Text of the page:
Friday, 10 September 2010

Transparency - Where?

The Telegraph is reporting that:
"The Government is to press ahead with controversial privatisation plans for the Royal Mail after a report it commissioned warned that ''urgent action'' was needed to protect the service, it has been announced".
In the document "The Coalition - our programme for government",  it states (section 16) that:
"The Government believes that we need to throw open the doors of public bodies, to enable the public to hold politicians and public bodies to account.
To do that requires politicians to be truthful and for the media to report that truth when politicians fail to be truthful. With this report in the Telegraph, both the politicians and the newspaper have failed to be 'transparent'. The fact that our politicians are devious and lie is well known, hence their inability to be 'transparent'. In respect of the Telegraph, it is staffed by 'journalists' who only apparent ability to do their job entails the use of the 'cut & paste' facility on their computers.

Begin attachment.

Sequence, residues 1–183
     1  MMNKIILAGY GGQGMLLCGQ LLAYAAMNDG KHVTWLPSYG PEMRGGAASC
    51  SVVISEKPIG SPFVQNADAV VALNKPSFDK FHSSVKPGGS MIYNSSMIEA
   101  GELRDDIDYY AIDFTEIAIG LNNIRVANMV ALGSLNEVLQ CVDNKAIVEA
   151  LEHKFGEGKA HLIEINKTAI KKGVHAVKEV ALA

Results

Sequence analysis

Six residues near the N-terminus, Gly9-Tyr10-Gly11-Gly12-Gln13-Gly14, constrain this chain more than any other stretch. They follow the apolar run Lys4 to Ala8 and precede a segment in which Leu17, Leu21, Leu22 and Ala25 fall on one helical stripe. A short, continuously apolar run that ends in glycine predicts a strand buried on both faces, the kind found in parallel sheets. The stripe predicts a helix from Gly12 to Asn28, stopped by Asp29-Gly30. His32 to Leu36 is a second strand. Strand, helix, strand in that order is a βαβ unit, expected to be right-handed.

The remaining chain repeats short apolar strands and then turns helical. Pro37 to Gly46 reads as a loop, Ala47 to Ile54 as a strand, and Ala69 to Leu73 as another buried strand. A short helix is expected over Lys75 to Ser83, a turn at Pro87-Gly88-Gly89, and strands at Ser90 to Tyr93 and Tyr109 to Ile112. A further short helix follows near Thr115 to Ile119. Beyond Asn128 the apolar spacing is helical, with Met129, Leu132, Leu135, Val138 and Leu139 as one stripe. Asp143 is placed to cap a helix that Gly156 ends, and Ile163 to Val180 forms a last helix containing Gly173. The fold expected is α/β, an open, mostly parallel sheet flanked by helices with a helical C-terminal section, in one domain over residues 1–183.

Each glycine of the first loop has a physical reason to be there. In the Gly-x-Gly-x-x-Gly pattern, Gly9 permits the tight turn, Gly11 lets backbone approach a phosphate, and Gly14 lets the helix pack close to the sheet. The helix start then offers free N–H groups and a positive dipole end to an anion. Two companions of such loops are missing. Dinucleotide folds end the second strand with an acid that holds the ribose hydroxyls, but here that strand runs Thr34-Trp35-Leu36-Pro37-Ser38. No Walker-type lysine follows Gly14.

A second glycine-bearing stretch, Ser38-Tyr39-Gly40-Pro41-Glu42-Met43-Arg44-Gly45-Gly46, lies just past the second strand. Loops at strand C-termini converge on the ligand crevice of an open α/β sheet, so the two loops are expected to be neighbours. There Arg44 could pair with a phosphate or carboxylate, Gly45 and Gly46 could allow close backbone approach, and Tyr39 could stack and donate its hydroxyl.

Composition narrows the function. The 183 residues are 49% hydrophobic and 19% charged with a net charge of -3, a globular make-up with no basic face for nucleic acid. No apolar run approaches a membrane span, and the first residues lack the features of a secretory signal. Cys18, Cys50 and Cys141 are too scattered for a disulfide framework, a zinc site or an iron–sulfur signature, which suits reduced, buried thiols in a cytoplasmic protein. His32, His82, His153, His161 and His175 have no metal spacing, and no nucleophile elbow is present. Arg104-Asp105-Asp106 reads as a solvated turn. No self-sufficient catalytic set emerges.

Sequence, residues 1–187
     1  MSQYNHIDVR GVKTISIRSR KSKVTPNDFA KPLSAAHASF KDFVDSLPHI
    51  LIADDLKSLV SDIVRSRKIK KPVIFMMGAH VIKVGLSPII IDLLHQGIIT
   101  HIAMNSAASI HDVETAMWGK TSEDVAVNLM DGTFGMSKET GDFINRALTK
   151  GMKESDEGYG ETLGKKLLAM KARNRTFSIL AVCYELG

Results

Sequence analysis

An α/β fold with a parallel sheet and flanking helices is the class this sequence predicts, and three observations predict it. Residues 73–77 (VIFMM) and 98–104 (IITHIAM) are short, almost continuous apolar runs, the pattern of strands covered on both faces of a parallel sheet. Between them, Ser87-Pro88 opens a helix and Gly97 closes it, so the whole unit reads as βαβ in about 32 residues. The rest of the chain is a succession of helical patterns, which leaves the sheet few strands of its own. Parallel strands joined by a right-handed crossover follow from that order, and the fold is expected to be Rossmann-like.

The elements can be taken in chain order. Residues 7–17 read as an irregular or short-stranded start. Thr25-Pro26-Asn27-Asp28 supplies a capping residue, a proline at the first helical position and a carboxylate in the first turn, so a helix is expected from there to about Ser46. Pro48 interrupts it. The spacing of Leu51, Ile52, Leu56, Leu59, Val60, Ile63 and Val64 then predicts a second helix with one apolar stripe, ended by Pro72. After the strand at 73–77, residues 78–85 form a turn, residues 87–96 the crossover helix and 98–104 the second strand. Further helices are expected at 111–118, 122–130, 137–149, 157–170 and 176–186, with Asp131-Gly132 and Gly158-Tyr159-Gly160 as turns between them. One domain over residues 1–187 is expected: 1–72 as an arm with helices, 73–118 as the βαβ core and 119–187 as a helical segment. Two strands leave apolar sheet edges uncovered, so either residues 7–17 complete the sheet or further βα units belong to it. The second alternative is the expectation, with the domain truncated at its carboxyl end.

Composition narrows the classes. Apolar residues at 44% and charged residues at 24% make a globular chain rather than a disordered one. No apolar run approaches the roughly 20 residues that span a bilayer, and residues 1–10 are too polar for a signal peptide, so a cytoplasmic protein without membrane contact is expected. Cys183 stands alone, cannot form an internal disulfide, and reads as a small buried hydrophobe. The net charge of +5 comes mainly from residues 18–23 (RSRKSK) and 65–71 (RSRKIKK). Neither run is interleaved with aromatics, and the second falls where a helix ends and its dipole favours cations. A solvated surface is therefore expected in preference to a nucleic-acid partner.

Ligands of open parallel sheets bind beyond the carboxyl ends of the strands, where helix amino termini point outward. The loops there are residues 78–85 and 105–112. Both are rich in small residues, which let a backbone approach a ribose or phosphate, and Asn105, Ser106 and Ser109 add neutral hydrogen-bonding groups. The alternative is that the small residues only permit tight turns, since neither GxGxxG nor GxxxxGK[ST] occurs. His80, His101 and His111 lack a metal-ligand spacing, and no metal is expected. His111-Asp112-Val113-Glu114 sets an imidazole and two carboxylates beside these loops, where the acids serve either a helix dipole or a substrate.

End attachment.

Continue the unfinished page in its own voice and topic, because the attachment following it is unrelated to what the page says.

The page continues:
Vince Cable, ever the devious politician, prattles:
"This update reaffirms the findings of Richard Hooper's original report and the views he has given me during the course of the summer. He paints a very clear picture - Royal Mail is facing a combination of potentially lethal challenges - falling mail volumes, low investment, not enough efficiency and a dire pension position. "We are determined to safeguard Royal Mail for the future and help it tackle these challenges. We will come forward with new legislation in the autumn. "
It is acknowledged that the lethal challenges mentioned do indeed exist, but that is not the real reason for privatising Royal Mail. It is a requirement of the European Union that all mail services of member states are opened up to competition by 2012, ergo whether the Coalition wishes to pursue this course of action or not, they have no choice.

When will the political elite learn that if they wish to be seen to be 'transparent' then it means being honest with their electorate - especially where it is a case that they are being forced into a decision as a result of our membership of the European Union - and not trying to pull the bloody wool over our eyes!


IanPJ said...

Actually, it is a requirement of the directive on postal services that they not only be sold, but that efforts should be made to sell them to cross border interests. i.e. transnational companies, thereby making it possible for the EU to gain regulatory control rather than national parliaments.

Witterings from Witney said...

Good point IPJ and one that I should have included - thanks for point out my omission